Milad Pourdanandeh Hosseini
DoktorandInstitutionen för marina
Om Milad Pourdanandeh Hosseini
Who am I?
I work as a PhD candidate in the Signals in the Sea working group (pelagial.se), with Erik Selander as supervisor.
I am broadly interested in ecology and ecophysiology, especially in aquatic environments, but also biostatistics, experimental design and science communication.
My research focuses on phytoplankton responses to chemical cues released by copepods, called copepodamides, and the consequences of these responses at individual to ecosystem scales.
Copepods, and their chemical scent, have been shown to induce a wide variety of different defensive mechanism. They induce toxin production in harmful algae, bioluminescence (svenska: mareld), shortening of chain forming diatom colonies, altered swimming behaviour in motile dinoflagellates and changes in the diel feeding behaviour of marine protists.
- Drivers of toxin production in harmful algae (in prep)
- I am currently finishing up a meta-analysis on the relative induction effects of top-down (grazing pressure) and bottom-up (nutrient availability of nitrogen and phosphorous) on toxin production in two important genera of harmful microalgae (Alexandrium & Pseudo-nitzschia).
- The effects of copepod chemicals cues on DSP-causing microalgae (in prep)
- Copepod chemical cues have been shown to induce toxins in a variety of marine algae, but we do not know if this is also the case for the toxic dinoflagellate Dinophysis sp. which produce diarrhetic shellfish toxins that affect marine organisms and cause diarrhetic shellfish poisoning in humans. Here, we induced cultures of two species of Dinophysis to three concentrations of copepodamides and one live grazing copepod treatment.
- Copepodamides from freshwater and marine copepods (soon to be submitted manuscript)
- We have found copepodamides in almost all marine copepods studies, the exception being purely carnivorous copepods such as Paraeuchaeta norvegica. However, we don't know how prevalent copepodamides are in freshwater copepods and if these differ in chemical composition compared to marine copepods.
- Costs of toxicity and bioluminescence in marine dinoflagellates (planned, has been partially piloted)
- Toxin production and bioluminescence in marine dinoflagellates have been shown to, at least partly) be due to grazing pressure from zooplankton such as copepods. These responses are predicted to have an inherent energy cost, which we will attempt to quantify in terms of growth.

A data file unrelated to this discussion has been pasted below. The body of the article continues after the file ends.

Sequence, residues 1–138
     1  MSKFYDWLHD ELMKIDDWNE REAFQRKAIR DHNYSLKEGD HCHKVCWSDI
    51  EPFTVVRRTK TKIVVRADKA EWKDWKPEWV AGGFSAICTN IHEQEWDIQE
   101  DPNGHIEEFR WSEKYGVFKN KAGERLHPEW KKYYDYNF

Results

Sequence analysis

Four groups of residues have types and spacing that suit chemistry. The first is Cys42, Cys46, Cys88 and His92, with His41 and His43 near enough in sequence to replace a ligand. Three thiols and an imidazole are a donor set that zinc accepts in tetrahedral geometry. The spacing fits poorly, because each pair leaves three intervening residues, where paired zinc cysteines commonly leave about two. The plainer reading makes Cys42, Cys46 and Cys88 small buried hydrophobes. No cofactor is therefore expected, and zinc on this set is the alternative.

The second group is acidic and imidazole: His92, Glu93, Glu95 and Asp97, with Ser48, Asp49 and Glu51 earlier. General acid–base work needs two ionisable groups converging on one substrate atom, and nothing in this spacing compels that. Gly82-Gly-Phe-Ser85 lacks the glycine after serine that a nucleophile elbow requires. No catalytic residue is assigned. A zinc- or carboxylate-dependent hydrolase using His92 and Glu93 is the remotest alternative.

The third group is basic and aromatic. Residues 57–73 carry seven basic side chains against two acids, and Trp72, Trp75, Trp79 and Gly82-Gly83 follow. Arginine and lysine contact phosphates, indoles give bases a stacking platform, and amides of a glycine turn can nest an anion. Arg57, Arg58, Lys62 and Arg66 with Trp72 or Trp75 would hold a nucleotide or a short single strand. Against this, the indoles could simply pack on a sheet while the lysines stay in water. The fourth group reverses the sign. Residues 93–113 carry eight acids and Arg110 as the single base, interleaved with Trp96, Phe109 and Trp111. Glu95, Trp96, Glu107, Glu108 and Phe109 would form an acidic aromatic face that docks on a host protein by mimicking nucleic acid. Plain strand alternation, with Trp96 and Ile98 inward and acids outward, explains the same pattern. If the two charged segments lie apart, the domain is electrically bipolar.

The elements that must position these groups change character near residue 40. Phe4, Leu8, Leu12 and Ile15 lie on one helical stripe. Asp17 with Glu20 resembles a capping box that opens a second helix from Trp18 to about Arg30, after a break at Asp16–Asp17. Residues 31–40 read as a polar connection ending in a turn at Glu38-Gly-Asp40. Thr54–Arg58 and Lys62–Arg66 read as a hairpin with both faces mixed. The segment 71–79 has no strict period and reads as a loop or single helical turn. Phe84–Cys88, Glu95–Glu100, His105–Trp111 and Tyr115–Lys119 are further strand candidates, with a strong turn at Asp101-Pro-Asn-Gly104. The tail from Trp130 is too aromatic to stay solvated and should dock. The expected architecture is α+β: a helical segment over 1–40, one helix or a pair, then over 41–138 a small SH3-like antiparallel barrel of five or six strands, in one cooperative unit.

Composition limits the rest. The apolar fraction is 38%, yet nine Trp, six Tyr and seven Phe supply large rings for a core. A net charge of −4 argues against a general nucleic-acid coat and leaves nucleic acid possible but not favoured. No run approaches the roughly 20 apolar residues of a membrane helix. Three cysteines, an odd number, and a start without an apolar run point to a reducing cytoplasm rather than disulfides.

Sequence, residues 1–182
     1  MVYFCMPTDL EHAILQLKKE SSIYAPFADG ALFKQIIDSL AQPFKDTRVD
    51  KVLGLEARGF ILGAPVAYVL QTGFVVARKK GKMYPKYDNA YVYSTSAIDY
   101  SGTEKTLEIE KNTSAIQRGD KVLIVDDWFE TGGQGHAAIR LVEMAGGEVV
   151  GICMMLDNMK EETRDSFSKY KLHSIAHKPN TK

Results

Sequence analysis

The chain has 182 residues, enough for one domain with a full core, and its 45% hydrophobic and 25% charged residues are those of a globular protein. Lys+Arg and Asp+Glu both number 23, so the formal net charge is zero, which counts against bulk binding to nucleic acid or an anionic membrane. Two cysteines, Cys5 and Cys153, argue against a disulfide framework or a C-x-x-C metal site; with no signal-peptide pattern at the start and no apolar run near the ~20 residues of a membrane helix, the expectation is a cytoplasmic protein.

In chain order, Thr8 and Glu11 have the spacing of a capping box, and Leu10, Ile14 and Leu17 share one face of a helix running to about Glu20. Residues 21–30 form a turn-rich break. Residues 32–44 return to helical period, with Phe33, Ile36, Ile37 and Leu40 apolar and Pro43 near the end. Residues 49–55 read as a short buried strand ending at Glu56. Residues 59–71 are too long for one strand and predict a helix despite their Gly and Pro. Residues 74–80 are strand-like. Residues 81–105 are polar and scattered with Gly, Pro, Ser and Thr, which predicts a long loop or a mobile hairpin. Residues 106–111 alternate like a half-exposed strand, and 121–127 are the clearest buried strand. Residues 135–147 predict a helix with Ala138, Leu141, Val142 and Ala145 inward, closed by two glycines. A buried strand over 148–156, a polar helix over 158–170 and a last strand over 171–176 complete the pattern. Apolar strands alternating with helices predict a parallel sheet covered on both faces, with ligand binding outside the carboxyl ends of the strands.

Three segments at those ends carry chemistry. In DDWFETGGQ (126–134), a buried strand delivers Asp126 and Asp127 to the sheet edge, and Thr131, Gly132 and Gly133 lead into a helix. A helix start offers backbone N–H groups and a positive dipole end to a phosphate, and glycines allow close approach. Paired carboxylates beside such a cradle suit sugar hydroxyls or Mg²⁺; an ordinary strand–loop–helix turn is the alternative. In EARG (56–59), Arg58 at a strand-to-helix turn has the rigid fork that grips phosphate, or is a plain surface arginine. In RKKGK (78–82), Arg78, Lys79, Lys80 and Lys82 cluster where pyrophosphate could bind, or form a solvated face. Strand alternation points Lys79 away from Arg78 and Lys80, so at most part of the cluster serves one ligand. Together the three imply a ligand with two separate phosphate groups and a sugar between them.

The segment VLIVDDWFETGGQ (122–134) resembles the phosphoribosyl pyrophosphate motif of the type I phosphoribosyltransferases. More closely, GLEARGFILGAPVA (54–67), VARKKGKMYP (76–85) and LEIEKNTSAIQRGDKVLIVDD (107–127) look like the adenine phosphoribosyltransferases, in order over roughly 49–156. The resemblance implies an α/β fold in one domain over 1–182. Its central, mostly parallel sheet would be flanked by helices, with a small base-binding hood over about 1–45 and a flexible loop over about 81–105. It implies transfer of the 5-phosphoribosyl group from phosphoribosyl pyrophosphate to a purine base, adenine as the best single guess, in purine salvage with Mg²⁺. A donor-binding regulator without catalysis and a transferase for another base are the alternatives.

- The effect of copepod chemical cues on thecal plates of dinoflagellates (planned)
- Thecal plates of dinoflagellates in laboratory cultures have been described as "thin" and "weak" by some dinoflagellate taxonomists, compared to cells found in nature. We will study if this is a plastic response to the lack of grazing, and if exposure to grazing pressure from copepods and/or their chemical cues can trigger the cells to reinforce their thecal plates and make them thicker.
- Method development for fragile dinoflagellates (planned, pilot to begin shortly)
- When we want to expose cultures to several pulses of copepodamides over time, usually to create an environment with more stable copepodamide concentrations, we cannot simply add the compounds to the medium directly, because they are dissolved in methanol and would poison our algae. We therefore coat a new culture vessel with the compounds (dissolved in methanol), evaporate the methanol (either by itself or by flushing it with nitrogen gas), and finally decant the culture into the newly coated vessel. However, several species of dinoflagellates seem to be very sensitive to the decantation, affecting their growth. I will therefore investigate new methods of repeatedly exposing cells to copepodamides in the same vial/flask. The general idea is to instead coat the compounds onto a glass rod/plate, which is attached/suspended from the vessel cap. This would enable us to expose the cultures to new pulses of copepodamides without disturbing the cells as much as we do now.
- Revealing the drivers of harmful algal blooms - Does trophic cascades due to copepod predation by the invasive Americans comb jelly reduce harmful algal blooms? (planned, but potentially a pipe dream).